Bill Cooper To Retire as TCF’s CEO

Bill Cooper To Retire as TCF’s CEO

Current president Craig Dahl will take over the CEO role at TCF on January 1, 2016.

TCF Financial Corp. president and vice chairman Craig Dahl will take over the CEO chair at the start of 2016, the company said on Monday. Current CEO Bill Cooper will be stepping down for the second time at TCF, although he will remain chairman through 2017.

Cooper, 71, became CEO of Wayzata-based TCF in 1985 (back when it was known as Twin City Federal) after serving four years in the Detroit police force followed by executive posts at Michigan and Ohio banks. He left his leadership role at the end of 2005, but returned to the CEO chair three years later to manage the bank through the Great Recession.

Under Cooper’s wing, TCF is now the state’s third-largest bank with nearly $20 million in assets and 376 branches spread between eight states. Cooper was a key component to the introduction of TCF’s “Totally Free Checking” accounts, which drew in thousands of new customers. He also reduced the number of troubled loans (more than $1 billion in 1985) and led the company through its public offering.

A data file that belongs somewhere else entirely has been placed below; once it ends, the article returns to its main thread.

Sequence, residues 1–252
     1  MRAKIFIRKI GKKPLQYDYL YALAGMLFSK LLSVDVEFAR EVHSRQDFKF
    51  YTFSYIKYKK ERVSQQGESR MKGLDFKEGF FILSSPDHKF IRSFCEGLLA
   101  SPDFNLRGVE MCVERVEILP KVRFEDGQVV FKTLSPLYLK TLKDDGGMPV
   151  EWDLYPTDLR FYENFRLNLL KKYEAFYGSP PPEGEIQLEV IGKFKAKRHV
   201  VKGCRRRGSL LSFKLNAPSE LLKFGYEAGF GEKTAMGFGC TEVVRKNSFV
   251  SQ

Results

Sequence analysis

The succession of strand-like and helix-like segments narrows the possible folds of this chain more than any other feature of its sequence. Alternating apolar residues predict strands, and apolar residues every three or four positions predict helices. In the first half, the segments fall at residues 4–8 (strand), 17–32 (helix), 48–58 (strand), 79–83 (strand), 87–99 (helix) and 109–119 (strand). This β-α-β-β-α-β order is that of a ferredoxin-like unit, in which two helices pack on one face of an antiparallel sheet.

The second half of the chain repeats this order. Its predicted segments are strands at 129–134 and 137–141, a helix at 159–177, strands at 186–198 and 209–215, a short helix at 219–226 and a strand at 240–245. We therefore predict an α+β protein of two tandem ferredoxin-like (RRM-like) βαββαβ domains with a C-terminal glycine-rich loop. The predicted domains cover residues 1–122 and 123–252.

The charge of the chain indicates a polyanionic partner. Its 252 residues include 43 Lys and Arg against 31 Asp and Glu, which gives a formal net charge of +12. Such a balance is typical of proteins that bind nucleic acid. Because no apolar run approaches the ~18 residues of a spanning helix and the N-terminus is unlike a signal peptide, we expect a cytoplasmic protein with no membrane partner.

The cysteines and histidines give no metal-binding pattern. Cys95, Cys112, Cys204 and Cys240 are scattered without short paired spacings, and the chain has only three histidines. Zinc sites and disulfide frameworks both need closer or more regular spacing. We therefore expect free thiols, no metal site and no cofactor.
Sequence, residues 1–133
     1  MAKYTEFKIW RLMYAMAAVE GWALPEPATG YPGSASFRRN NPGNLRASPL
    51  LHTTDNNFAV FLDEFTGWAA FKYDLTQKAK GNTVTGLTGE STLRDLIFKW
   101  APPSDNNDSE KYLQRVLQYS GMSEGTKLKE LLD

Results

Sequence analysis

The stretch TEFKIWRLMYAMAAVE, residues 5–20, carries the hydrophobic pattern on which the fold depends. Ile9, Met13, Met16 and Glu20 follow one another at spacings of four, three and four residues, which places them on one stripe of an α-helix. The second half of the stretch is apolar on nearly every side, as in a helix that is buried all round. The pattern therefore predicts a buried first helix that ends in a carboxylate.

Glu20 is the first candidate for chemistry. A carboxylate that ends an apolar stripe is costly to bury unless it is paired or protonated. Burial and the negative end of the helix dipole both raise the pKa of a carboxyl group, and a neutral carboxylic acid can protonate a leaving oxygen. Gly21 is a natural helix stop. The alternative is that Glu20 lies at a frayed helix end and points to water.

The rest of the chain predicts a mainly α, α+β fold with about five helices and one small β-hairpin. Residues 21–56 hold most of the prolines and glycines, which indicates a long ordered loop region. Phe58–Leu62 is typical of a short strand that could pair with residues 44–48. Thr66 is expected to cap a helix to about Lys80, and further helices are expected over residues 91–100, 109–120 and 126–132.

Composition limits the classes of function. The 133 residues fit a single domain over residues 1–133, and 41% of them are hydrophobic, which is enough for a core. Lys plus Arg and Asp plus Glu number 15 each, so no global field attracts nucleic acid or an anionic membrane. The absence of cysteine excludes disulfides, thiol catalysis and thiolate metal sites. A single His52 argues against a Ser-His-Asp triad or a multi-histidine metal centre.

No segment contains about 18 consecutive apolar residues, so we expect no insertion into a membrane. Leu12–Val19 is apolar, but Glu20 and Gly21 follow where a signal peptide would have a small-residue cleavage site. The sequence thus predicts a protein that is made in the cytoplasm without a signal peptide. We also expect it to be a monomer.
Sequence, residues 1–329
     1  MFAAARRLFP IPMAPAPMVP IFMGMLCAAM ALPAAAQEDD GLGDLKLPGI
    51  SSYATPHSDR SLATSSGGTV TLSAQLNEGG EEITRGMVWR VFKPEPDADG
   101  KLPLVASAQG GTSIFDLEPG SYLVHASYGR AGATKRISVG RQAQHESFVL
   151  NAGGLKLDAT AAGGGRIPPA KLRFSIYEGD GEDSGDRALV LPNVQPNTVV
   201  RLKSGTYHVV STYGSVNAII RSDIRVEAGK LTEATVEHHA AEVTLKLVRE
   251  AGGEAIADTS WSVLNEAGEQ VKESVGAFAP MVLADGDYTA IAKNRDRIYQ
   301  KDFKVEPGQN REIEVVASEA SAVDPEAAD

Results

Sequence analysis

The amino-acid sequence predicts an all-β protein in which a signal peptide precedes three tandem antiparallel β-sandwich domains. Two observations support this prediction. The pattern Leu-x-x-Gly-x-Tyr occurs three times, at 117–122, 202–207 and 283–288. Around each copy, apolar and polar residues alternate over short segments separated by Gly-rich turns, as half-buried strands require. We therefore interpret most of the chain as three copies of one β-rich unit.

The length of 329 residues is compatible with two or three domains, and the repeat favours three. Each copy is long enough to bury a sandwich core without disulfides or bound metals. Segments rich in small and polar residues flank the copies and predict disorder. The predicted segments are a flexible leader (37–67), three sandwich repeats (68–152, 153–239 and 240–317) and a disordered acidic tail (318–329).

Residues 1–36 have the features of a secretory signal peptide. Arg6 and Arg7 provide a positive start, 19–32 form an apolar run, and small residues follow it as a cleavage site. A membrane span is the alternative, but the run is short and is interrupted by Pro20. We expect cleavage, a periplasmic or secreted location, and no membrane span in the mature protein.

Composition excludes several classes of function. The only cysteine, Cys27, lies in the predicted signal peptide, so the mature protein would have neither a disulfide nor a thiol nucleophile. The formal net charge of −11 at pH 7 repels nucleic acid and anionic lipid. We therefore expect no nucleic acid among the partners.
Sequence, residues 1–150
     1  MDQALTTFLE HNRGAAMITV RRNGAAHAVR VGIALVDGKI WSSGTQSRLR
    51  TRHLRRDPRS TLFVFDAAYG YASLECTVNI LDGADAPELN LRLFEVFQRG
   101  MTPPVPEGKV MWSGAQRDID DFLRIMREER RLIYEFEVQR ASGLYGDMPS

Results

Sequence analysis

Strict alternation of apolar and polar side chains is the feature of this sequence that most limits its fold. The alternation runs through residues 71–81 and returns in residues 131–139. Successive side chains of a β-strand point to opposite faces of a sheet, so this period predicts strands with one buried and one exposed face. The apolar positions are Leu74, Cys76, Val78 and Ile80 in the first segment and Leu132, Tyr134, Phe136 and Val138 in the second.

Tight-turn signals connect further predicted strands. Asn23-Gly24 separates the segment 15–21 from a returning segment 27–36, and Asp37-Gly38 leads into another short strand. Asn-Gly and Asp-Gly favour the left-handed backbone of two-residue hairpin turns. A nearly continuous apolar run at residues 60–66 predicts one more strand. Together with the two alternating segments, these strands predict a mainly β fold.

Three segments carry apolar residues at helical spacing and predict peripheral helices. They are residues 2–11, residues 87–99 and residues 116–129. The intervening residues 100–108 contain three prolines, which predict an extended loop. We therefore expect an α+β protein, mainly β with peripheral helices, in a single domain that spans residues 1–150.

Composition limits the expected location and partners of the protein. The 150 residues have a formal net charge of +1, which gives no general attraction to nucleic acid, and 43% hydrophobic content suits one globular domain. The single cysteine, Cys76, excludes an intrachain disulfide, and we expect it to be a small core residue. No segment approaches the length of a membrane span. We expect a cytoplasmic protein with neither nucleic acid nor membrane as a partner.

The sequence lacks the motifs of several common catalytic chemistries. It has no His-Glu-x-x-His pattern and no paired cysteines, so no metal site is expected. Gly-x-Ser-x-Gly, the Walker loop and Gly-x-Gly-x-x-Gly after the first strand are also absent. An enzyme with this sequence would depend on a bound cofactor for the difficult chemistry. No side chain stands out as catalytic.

“I have been fortunate to work closely with Bill throughout my 16 years at TCF and have learned much through his leadership,” said Dahl in a statement. “Over the past several years, we have built a superior management team and made great progress in positioning TCF for the new banking environment.”

Dahl, an International Falls native, joined TCF as president and chief executive officer of TCF Equipment Finance, Inc. in 1999. Eventually, Dahl entered the role of vice chairman of TCF in 2012 and was promoted to president in late March of this year.

In a statement, Cooper said, “I believe that Craig is the right person to lead TCF going forward. He has been a vital part of TCF’s successes during his tenure, especially the transformation of the company that has taken place over the past several years.”

In 2011, Cooper was honored in TCB’s Minnesota Business Hall of Fame. The next year, he also shared with TCB his story of transitioning from a working-class kid from Detroit to building TCF into a household name.